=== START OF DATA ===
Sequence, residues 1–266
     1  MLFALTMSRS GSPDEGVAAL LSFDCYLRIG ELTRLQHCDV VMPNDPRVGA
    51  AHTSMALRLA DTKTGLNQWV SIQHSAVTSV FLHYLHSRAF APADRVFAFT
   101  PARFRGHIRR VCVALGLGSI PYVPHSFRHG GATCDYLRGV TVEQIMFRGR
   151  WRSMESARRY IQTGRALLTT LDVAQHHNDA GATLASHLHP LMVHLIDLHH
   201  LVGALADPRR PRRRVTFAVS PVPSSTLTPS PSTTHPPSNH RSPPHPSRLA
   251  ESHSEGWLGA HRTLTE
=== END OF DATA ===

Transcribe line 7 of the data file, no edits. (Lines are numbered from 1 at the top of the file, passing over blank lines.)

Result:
   251  ESHSEGWLGA HRTLTE